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Vollrath Heritage

Jacob Vollrath started The Vollrath Company in Sheboygan, Wisconsin, in 1874. Today, Vollrath continues to be a growing family company. Our company is built upon a strong foundation of family values, history and innovation that comes alive through our loyal and dedicated people.


Paul Bartelt became President and CEO in 2009 and continued to expand the company’s product offering with acquisitions. In 2011, Traex® in Dane, WI, with plastics. In 2012, Polar Ware Company in Kiel, WI, with products for food service and health care applications. This also included Stoelting Foodservice with frozen treat equipment and Stoelting Cleaning Equipment with industrial and electronics cleaning equipment. Later that year, Acry Fab, Inc. in Sun Prairie, WI, with display and dispensing products. In 2015, Miguel Pujadas, S.A. in Santa Coloma, Spain, expanded Vollrath’s global manufacturing footprint of foodservice equipment. In 2017, Belleco, Inc. in Saco, ME, with a line of conveyor toasters and ovens. In 2018, Carlson Products in Maize, KS, with standard and custom components, along with bakeware products such as pizza pans, stacking pans, sheet pans, grill pans and panini pans. In 2019, assets of Albers Mechanical Contractors, Inc. in St. Paul, MN, expanded the company’s high-end custom fabrication capabilities.

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In 1991 Vollrath acquired the smallwares and cart line from Bloomfield in Chicago, IL and a line of food warmers and accessories with the purchase of Idea/Medalie Division in Rogers, MN. Warmer production was moved to the Kewaunee manufacturing plant. The Luitink Manufacturing Co. of Menomonee Falls and Oconomowoc, WI, was acquired in 1999. Corsair Display Systems in Canandaigua, NY, was acquired in 2004 and still operates in its original facility. In 2009, Vollrath acquired the induction company Luxine in Malibu, CA, the Wear-Ever® and Redco® brands from Lincoln Smallwares in Fort Wayne, IN, and countertop cooking equipment from Anvil America in Asheville, NC.

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In April 1983 Vollrath decentralized, which formed nine divisions of the company. In 1984 Vollrath installed a new IBM 3038-EX computer - the first of the IBM EX series to be installed in Wisconsin, and the fourth “generation” of IBM computer equipment ordered by Vollrath. Vollrath was considered to be a pioneer in the extensive use of such equipment in business and service. In late 1989 Vollrath purchased the Leyse commercial aluminum cookware line which included a manufacturing facility in Kewaunee, WI.

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Vollrath built a 96,000 square foot fabrication building for production of a mobile food serving equipment line.  In 1970, Vollrath began molding medical plastics in Sheboygan, an operation that was eventually moved.  Vollrath was presented with another ""E"" flag from President Nixon in recognition of its service in promoting foreign sales of U.S. products. In 1974, Vollrath purchased the holloware and related assets of the Admiral Craft Corporation of New York. They named the new products Century by Vollrath to commemorate 100 years in business. Bolta Products of Lawrence, Massachusetts was purchased in 1976, moving Vollrath into the world of foodservice plastics with their line of approximately 800 different plastic containers. Terry J. Kohler, the great-great grandson of Jacob J. Vollrath, became the seventh president of the company in 1976. Construction of a 24,000 square foot addition to the south end of the original office building was begun in 1977.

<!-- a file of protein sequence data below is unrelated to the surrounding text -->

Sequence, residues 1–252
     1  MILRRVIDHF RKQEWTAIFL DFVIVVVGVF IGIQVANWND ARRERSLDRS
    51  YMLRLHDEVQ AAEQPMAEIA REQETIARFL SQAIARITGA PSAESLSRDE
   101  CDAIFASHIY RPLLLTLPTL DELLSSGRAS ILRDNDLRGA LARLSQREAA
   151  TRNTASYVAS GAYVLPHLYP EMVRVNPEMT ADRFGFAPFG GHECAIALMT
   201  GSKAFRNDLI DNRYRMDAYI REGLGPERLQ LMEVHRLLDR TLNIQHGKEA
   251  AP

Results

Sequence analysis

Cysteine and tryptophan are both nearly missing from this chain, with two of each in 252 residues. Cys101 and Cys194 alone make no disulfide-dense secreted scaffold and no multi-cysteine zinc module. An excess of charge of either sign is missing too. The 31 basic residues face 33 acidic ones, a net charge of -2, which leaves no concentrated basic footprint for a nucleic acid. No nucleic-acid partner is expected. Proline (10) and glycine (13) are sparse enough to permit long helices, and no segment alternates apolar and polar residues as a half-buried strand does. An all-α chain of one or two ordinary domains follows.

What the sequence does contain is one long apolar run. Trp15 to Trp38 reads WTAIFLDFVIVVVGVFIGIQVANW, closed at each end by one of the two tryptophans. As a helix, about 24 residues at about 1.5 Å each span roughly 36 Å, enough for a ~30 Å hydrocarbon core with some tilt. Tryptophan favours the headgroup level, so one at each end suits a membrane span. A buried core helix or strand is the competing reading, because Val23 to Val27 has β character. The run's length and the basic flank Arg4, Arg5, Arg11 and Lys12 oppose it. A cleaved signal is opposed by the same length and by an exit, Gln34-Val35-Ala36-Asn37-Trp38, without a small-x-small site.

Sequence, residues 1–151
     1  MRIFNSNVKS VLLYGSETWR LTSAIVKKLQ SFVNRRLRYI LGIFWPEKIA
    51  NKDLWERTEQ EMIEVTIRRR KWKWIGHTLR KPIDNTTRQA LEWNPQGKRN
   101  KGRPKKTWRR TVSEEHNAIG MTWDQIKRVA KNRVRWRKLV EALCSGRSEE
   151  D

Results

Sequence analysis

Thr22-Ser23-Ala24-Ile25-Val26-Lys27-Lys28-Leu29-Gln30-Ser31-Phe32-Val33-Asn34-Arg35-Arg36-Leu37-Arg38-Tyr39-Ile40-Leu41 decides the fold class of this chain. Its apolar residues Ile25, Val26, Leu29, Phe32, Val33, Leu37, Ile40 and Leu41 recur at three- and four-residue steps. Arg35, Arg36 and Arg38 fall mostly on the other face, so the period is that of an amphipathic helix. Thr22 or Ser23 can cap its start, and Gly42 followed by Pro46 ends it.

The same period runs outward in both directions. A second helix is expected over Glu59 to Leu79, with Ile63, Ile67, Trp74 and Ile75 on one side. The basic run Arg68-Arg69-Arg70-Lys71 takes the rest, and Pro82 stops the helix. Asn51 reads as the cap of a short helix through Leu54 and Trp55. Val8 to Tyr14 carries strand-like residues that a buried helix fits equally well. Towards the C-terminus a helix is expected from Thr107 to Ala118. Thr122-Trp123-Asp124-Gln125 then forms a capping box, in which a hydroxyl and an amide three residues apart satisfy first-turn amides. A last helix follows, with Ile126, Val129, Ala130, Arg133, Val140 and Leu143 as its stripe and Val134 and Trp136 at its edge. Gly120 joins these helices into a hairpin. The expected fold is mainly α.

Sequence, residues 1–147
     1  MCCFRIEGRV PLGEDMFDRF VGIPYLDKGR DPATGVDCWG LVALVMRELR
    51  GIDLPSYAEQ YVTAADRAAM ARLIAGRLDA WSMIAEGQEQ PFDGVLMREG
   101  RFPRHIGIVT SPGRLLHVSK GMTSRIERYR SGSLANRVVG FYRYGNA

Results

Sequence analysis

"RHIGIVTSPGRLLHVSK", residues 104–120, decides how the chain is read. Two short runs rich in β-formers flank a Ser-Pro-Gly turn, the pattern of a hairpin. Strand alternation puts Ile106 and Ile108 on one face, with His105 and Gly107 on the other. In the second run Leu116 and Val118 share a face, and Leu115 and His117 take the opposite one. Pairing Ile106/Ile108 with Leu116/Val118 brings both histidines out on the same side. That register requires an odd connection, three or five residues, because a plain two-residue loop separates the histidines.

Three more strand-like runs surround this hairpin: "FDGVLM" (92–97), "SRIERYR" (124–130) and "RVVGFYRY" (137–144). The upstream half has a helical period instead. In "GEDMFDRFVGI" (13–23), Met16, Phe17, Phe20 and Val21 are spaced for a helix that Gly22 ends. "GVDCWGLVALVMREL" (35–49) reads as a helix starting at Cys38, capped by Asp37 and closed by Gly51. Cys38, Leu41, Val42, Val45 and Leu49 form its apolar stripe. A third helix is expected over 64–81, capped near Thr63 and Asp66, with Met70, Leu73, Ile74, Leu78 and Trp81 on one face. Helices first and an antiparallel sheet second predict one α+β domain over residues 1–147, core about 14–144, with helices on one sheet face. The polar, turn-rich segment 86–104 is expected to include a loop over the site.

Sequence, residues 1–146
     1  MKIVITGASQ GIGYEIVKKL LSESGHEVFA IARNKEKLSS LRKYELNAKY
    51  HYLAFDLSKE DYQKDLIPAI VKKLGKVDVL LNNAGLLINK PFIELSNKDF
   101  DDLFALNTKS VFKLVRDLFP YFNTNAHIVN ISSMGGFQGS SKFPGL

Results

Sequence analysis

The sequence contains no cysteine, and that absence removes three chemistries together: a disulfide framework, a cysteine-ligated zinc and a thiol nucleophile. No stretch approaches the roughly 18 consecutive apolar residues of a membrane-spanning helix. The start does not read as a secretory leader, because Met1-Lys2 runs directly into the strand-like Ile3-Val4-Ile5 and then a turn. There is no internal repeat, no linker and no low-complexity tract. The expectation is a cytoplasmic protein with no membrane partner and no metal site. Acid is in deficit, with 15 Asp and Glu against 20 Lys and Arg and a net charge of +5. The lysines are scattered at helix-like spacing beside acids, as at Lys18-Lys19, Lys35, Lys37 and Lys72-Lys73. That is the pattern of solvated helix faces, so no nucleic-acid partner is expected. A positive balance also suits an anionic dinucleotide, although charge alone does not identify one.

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Vollrath began gradually converting to war work in late 1941, increasing the government supplies monthly until reaching full capacity on defense work in late 1942. They had a very limited catalog of items for civilian use. On June 28, 1945, Vollrath was awarded the Army-Navy "E" Flag for their record in the production of materials needed in the war effort. Walter J. Kohler, Jr. became The Vollrath Company's fifth president in 1947. When the polio epidemic struck, Vollrath developed the Polio-Pak Heater which produced 15 double-thick steam heated woolen packs to administer to patients. Many emergency orders were received during the night and often shipped by air express, or driven personally by a company employee 100 to 200 miles from Sheboygan.

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In 1900 the company chose to devote itself entirely to the cooking utensil field. To help accommodate expansion, offices in Chicago and New York were opened in the first few years of the new century. A new plant and office building were built in Sheboygan and the plant continued to expand for greater production.  By the late 1930's Vollrath began replacing some enamelware with stainless steel.

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Jacob J. Vollrath built the Sheboygan Cast Steel Co. in 1874 in Sheboygan, WI. They produced railroad frogs, small cast parts for the furniture industry, cooking ranges, and agricultural implements. Jacob's eldest son, Andrew, returned from Germany in 1876 having learned the art of creating enameled cast iron. The company began to manufacture a small amount of enameled cast iron utensils that Jacob sold himself.  The company was incorporated as the Jacob J. Vollrath Manufacturing Company in 1884. Jacob's son, Carl A.W., originated and patented a speckled enamel in 1889.

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